The Nuclear Energy Experimental Testing Lab (NEXT) hosted its first open house, showcasing the near-completion of the first phase of their three-phased mission.
Professor of Engineering and Physics, and Director of the NEXT Lab, Rusty Towell, said the NEXT Lab focuses on hands on practical testing to develop advanced nuclear reactors.
“The big picture goals, the motivation behind the whole project is the ability to solve some of the world’s most critical needs,” Towell said. “Those are to raise people out of poverty by providing them with clean, inexpensive, safe power, pure abundant water and also medical isotopes that are necessary to treat, diagnose and cure cancer.”
The inspiration behind the project largely came from local supporters of ACU who also believe in the goal, most of which helped fund the initial phase.
In a non-nuclear environment with no nuclear reactor, students and faculty studying in the lab are question how to advance the Liquid-Fueled
Molten Salt Reactors (LFMSR) and get a license for an advanced reactor. Currently, their main focus is instrumentation development.
About a year ago, the NEXT Lab shipped from being an idea to a funded project. Over the summer, equipment was put in place with the help of 8-10 students and 8-10 faculty and staff. Students from majors across four departments, engineering and physics, chemistry and computer science assisted in putting the lab together.
There are three phases of the NEXT Lab. First, to initiate an on-campus research program demonstrating the understanding and abilities to safely prepare, heat, flow and study salt mixtures. Second, to build a basic molten salt test loop for advanced testing. Lastly, to build a full-sized, non-nuclear molten salt loop.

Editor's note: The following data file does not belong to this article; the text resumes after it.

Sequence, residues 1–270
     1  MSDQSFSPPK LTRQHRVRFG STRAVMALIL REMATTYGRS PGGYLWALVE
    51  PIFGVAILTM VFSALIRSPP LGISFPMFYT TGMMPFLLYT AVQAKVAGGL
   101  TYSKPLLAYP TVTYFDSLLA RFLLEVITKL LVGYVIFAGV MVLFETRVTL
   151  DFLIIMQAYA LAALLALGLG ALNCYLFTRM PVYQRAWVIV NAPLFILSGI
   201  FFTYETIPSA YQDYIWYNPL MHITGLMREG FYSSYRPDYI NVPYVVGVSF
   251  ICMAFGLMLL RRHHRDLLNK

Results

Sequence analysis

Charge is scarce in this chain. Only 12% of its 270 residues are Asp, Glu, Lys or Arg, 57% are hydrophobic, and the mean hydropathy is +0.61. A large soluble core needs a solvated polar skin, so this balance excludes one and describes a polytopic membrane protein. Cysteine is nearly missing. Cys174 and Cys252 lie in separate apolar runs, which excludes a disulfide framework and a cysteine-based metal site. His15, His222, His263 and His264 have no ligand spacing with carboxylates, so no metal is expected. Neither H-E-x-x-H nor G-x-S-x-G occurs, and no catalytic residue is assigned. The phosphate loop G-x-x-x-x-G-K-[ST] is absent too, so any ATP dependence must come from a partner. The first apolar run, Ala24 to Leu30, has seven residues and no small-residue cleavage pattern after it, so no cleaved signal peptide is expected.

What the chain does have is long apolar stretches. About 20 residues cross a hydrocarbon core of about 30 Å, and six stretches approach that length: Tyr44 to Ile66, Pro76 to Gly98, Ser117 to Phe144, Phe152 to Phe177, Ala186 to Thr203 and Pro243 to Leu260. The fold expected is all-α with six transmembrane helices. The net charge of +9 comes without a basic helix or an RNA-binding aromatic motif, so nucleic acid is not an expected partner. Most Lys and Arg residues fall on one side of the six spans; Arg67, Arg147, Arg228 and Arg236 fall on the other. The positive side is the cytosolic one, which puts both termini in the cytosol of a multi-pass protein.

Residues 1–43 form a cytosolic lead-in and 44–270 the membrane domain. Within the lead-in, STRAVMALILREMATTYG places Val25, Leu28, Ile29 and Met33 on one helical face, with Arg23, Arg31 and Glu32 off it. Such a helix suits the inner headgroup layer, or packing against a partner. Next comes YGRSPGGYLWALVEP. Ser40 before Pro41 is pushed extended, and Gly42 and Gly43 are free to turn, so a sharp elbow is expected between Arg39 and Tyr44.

Not only does the NEXT Lab work toward global goals, Towell said it is also training the next generation of scientists and engineers.
“I think what really engages students and what helps train and shape students in a powerful way is when you can give them real world problems and you can work with them in the lab in sort of a mentoring relationship,” Towell said. “That’s where students engage, where they can take their classroom learning and put it into practice, and that’s what is really powerful about this project, is that were able to engage students doing that.”
The NEXT Lab hosted their first open house last Saturday, but currently does not have more planned for the future.
For more information, visit acunextlab.org